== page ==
No. 14 Utah, Washington St heading in different directions

Star quarterback Cam Rising is hoping what happened two weeks ago was the start of a charge towards another conference title for No. 14 Utah.

Star quarterback Cam Rising is hoping what happened two weeks ago was the start of a charge towards another conference title for No. 14 Utah.

To get there for the Utes, you’ll have to get through a tricky test Thursday night when you face Washington State in what appears to be a matchup of teams going in opposite directions.

Both teams have had bye weeks that have felt decidedly different. Utah (5-2, 3-1 Pac-12) edged out Southern California in a wild 43-42 shootout on Oct. 15 and kept it center stage in the race for the conference title. That same day, Washington State stumbled on its ugliest loss of the season at Oregon State.

Washington State quarterback Cameron Ward has been sacked six times by the Beavers, and the Cougars (4-3, 1-3) have given up 11 sacks in their last two games, both losing. That prompted coach Jake Dickert to revise the offensive line.

“Our protection must be better,” said Dickert. “I thought we were loose defensively last Saturday with some alignments and finishes. These are things that we as coaches can control. I’m not going to sit here and burden the players with all of this.”

Washington State has lost three of its last four games after a 3-0 start and the week off came at the right time. There’s also the benefit of a weekday home game with temperatures expected to be chilly at kick-off on the Palouse.

“We have to fix our bodies. We need to recover from the last seven weeks,” said linebacker Francisco Mauigoa. “It’s just part of football.”

Utah opened its season with a narrow loss in Florida, then won four straight before losing at UCLA on Oct. 8. The victory over USC was a crucial comeback for the Utes, but it left questions unanswered in bye week.

“We need to figure out why we’re lacking on defense and simplify things to put our players in the right frame of mind,” said Utah coach Kyle Whittingham.

But Utah also knows there can’t be any more stumbling blocks if it wants to be in Las Vegas for the conference title game the first weekend of December.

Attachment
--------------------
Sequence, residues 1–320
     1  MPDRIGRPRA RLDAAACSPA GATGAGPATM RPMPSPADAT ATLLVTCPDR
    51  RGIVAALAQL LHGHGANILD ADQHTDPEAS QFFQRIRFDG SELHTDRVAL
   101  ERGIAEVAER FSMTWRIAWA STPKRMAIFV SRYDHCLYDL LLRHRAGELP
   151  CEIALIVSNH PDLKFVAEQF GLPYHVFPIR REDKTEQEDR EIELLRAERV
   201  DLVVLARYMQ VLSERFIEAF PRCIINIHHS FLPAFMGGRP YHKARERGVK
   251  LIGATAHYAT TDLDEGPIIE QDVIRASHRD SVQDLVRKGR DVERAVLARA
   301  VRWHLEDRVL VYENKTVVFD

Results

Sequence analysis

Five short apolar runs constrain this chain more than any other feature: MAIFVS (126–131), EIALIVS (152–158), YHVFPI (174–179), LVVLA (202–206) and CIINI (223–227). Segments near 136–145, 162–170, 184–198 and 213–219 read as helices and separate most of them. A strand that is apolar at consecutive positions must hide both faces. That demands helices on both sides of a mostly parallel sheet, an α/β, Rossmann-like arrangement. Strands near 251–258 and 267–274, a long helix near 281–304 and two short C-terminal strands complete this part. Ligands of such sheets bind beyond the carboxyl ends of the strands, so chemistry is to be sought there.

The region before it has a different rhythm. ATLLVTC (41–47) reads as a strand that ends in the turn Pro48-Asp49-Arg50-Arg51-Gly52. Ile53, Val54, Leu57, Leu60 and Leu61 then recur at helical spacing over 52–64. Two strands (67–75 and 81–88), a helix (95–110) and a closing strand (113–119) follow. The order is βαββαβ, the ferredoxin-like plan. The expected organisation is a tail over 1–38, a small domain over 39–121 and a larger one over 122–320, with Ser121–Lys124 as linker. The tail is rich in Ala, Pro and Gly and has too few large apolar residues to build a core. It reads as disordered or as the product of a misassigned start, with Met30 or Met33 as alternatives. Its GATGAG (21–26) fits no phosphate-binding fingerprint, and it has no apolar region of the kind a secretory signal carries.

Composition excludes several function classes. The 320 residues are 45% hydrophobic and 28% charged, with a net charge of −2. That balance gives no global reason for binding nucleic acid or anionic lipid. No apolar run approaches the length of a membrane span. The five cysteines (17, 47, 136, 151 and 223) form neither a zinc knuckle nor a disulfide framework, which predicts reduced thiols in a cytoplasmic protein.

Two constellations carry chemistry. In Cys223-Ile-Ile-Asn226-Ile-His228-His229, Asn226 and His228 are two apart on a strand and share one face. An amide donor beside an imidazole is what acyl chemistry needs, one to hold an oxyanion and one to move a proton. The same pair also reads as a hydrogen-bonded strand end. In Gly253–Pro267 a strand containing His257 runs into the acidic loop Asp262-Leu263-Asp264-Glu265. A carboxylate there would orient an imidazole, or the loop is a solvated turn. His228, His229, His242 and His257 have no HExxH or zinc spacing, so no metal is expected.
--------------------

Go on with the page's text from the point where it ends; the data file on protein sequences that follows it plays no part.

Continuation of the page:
“You’re just trying to win every week and obviously that never changes no matter how the league is set up,” Whittingham said. “The champion will be crowned by whoever wins the game in Las Vegas; not whether you go in there first or second.”


Utah ranks first in pass defense (208 yards per game), second in total defense (350 yards), and fourth in scoring defense (22.3 points per game) in the Pac-12. The Utes’ defense is led by cornerback Clark Phillips III, who has nabbed five of the team’s 10 interceptions.


The Cougars’ fast attack was the least productive in the Pac-12, averaging just 89 yards per game. That’s 20 yards fewer per game than Colorado at No. 11. Washington State didn’t run back Nakia Watson after suffering an injury at USC on Oct. 8.


The Washington State defense tops the conference rankings with just 20.7 legal points per game and is one of the most prolific teams in the country when it comes to sacks (20) and tackles for loss (52). But the Cougars managed just two sacks and eight tackles for losses combined in their last two games, both losses.


Rising was terrific in the win over USC, completing 30 of 44 passes for 415 yards with two touchdowns and no turnovers. He was only sacked five times all season. Rising has rushed for 1,855 yards and 15 touchdowns this season, which adds 308 yards on ground and six rushing touchdowns.


Washington State has been tinkering with its receiving corps since veteran slotback Renard Bell was knocked out with an arm injury against USC. The Cougars have settled on a group that includes three outside receivers — De’Zhaun Stribling, Donovan Ollie and freshman Leyton Smithson — as well as slotback Robert Ferrel. “Without Renard, we had to try to give our playmakers as much possession as possible,” Dickert said. No. 14 Utah, Washington St heading in different directions

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